of any one model.  There is no standardization of address allocation
   policies though guidelines do exist [11, 16].  Whether authorization
   allows the recovery of address space must be selectable on a per
   object basis and may differ in parts of the database.  This issue is
   discussed further in Appendix C.

7  Data Representation

   RPSL provides a complete description of the contents of a routing
   repository [1].  Many RPSL data objects remain unchanged from the
   RIPE specifications and RPSL references the RIPE-181 specification as
   recorded in RFC-1786 [2].  RPSL provides external data
   representation.  Data may be stored differently internal to a routing
   registry.

   Some database object types or database attributes must be added to
   RPSL to record the delegation of authority and to improve the
   authentication and authorization mechanisms.  These additions are
   very few and are described in Section 8 and Section 9.

   Some form of encapsulation must be used to exchange data.  The
   defacto encapsulation has been the one which the RIPE tools accept, a
   plain text file or plain text in the body of an RFC-822 formatted
   mail message with information needed for authentication derived from
   the mail headers or the body of the message.  Merit has slightly
   modified this using the PGP signed portion of a plain text file or
   PGP signed portion of the body of a mail message.  These very simple
   forms of encapsulation are suitable for the initial submission of a
   database transaction.

   The encapsulation of registry transaction submissions, registry
   queries and registry responses and exchanges between registries is
   outside the scope of this document.  The encapsulation of registry
   transaction submissions and exchanges between registries is outside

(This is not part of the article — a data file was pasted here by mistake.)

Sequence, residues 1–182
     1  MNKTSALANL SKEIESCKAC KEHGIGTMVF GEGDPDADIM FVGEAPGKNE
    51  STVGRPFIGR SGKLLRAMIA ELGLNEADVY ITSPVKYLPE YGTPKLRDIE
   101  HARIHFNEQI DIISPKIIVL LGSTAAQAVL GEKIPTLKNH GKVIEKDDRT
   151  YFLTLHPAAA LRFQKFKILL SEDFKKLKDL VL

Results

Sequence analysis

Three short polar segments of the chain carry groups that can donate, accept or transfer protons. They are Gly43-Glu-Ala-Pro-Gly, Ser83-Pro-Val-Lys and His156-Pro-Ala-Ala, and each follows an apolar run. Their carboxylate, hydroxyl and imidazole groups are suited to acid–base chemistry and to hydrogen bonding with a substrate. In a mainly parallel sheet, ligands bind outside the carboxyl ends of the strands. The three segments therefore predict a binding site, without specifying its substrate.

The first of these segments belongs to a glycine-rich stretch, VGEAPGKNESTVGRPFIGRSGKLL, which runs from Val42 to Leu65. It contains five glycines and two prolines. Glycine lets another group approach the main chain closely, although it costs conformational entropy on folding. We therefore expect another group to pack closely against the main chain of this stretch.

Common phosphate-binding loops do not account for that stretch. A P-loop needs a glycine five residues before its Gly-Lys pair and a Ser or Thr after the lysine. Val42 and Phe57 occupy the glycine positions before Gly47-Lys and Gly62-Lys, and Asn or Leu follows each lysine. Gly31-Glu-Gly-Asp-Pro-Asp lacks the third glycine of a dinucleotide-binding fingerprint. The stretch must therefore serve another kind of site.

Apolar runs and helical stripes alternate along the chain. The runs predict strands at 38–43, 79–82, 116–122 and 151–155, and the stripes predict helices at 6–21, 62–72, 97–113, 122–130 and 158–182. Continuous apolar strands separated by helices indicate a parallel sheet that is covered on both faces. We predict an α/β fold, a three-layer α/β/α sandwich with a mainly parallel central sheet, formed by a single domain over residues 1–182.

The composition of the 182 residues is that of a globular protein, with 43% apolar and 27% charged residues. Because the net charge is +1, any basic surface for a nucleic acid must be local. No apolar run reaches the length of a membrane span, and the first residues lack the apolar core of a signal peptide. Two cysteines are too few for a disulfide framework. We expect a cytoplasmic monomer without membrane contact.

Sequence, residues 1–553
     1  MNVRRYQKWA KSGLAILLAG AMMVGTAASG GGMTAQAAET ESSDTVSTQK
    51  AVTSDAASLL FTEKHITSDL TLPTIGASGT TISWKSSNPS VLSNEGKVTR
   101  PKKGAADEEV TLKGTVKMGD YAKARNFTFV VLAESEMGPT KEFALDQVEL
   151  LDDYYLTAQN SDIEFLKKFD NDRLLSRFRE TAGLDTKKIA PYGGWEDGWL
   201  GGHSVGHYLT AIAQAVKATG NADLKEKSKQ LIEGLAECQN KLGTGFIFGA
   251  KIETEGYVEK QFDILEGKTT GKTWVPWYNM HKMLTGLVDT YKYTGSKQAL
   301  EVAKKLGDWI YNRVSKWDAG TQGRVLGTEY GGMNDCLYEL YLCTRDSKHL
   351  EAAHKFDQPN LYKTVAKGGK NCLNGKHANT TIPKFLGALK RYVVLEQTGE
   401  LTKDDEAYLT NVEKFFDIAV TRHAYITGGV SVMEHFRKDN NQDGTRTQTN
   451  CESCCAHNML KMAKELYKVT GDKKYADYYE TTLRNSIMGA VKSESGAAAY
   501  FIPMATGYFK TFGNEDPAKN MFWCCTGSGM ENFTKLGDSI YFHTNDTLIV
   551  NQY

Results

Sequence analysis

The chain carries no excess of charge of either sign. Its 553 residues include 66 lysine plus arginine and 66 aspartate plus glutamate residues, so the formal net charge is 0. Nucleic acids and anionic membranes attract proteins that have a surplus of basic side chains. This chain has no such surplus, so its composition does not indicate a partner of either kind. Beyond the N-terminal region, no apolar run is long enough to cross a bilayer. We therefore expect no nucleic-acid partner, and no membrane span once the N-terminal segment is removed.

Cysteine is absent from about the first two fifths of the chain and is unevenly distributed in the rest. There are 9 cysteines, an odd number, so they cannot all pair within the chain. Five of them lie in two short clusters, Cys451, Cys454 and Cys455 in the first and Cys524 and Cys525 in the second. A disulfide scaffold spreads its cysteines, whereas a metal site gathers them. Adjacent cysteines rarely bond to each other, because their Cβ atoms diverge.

the scope of this document.

8  Authentication Model

   The maintainer objects serve as a container to hold authentication
   filters.  A reference to a maintainer within another object defines
   authorization to perform operations on the object or on a set of
   related objects.  The maintainer is typically referenced by name in
   mnt-by attributes of objects.  Further details on the use of
   maintainers are provided in Section 9.1.





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   The maintainer contains one or more "auth" attributes.  Each "auth"
   attribute begins with a keyword identifying the authentication method
   followed by the authentication information needed to enforce that
   method.  The PGPKEY method is slightly syntactically different in
   that the method PGPKEY is a substring.

   Authentication methods currently supported include the following.
   Note that pgp-from is being replaced by the pgpkey (see Section 10
   and [18]).

   mail-from  This is a very weak authentication check and is
      discouraged.  The authentication information is a regular
      expression over ASCII characters.  The maintainer is authenticated
      if the from or reply-to fields in RFC-822 mail headers are matched
      by this regular expression.  Since mail forgery is quite easy,
      this is a very weak form of authentication.